ELGIN -- A widow, whose husband was killed in a crash caused by an intoxicated man driving a rented car, will not be able to sue the other man’s insurer, after a state appeals court said a judge was wrong to declare portion of the insurance policy excluding coverage for harm caused by intoxicated drivers was illegal and unenforceable.
The Illinois Second District Appellate Court reversed a judge's ruling in favor of the plaintiff who argued that the provision is unenforceable because it clashes with Illinois' public policy laws.
In an opinion authored by Justice Mary Seminara-Schostok, with justices Joe Birkett and Susan Hutchinson concurring, the appeals court found the inclusion of the supplementary provision relating to a driver operating a vehicle while intoxicated bars the plaintiff from claiming against the policy.
Plaintiff Barbara Crowley initially sued in DeKalb County Circuit Court as the special administrator of the estate of her late husband, Robert, who died following a traffic accident in June 2015. She sued Empire Fire and Marine Insurance, Enterprising Leasing and Enterprise Holdings, as well as the driver of the other car, Thomas Bruen.
The case centers on an exclusion in the supplemental insurance policy that Empire Fire and Marine Insurance Company issued to Thomas Bruen's brother, John, who was also covered by the policy.
"The exclusion applied if the insured was under the influence of alcohol or drugs," the decision said.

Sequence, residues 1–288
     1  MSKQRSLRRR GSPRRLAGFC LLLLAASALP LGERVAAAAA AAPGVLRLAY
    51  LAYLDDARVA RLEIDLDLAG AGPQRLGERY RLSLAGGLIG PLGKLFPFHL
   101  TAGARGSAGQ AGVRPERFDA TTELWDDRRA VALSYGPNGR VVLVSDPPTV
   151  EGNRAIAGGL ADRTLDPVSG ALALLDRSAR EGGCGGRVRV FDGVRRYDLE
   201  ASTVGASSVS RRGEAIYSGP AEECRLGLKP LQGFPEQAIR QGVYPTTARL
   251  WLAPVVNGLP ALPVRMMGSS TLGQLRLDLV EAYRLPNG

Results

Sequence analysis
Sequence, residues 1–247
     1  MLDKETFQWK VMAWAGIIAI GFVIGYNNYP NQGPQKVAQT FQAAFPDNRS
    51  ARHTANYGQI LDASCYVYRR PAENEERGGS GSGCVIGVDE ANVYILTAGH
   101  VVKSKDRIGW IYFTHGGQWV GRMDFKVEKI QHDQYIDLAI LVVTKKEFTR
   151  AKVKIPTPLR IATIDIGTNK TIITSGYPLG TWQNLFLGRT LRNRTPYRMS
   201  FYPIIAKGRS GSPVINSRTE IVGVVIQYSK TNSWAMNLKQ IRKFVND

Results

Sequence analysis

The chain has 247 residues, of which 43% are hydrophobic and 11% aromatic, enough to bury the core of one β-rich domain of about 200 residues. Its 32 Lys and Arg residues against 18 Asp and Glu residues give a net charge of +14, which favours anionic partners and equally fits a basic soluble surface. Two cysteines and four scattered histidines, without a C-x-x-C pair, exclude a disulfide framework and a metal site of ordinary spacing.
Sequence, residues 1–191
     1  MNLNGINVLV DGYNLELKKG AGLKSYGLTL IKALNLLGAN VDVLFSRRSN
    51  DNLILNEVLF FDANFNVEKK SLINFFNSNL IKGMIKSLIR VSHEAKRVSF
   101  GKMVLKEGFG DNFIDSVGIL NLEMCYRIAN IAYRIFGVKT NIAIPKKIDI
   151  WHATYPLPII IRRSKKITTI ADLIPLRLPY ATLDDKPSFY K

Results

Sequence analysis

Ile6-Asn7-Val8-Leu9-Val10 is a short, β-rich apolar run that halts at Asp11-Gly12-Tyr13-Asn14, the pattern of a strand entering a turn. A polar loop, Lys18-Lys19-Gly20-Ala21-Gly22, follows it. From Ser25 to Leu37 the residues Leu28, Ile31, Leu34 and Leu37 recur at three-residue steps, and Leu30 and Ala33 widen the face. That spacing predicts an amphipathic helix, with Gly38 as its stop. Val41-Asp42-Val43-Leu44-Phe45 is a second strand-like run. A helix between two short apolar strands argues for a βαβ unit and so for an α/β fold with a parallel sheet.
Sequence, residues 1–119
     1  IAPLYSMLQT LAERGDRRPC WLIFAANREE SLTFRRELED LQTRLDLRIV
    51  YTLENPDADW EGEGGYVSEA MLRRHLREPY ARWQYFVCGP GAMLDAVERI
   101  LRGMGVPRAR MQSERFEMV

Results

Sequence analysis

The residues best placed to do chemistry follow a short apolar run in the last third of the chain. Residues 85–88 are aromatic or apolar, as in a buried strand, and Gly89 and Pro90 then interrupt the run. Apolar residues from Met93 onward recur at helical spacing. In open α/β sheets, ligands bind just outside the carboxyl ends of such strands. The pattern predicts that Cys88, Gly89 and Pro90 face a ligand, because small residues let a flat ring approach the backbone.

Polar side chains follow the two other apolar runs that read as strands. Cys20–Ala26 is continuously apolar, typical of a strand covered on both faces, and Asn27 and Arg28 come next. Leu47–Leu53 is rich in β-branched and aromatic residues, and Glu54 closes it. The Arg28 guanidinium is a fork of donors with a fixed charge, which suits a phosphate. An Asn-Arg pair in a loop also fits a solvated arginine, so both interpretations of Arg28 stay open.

DeKalb County Judge William P. Brady agreed with the plaintiff that Empire was "obligated to provide coverage based on its insurance contract with John Bruen."
The plaintiffs had argued the intoxication exclusion was "void because it was contrary to Illinois public policy" governing insurance policies.
According to the background portion of the appellate decision, Thomas Bruen, while driving the rental car, was "involved in a motor vehicle accident that killed Robert Crowley and injured his wife Barbara Crowley."
Bruen had taken marijuana, cocaine and opiates prior to the accident, the decision said. He was charged and convicted of aggravated driving under the influence. His brother, John, had rented the 2015 Volkswagen Jetta from Enterprise and purchased full coverage insurance.
Barbara Crowley filed a person injury claim against Thomas Bruen, and later filed a complaint against Enteprise and Empire. She asked the court to rule that Empire must provide coverage for the claims against Bruen.
In August 2018, the trial court granted Crowley's motion for summary judgment. This was reversed in the appeals court opinion filed June 18.
Seminara-Schostok said case law and courts "use sparingly the power to declare a contractual provision void as against public policy."
She noted that a provision in an agreement cannot be declared void on public policy grounds unless it clearly runs afoul of the Illinois state constitution, state laws or the opinions of the courts.
"Such a determination depends upon the particular facts and circumstances of each case," Seminara-Schostok wrote.
She added that there is no Illinois statute that bars an intoxication exclusion in a supplemental insurance policy.
"We also reject Crowley’s argument that .... we should find the intoxication exclusion void as against public policy because enforcing the exclusion would 'work a hardship upon the general public and, at the same time, benefit the rental agency and/or its insurer'," Seminara-Schostok said.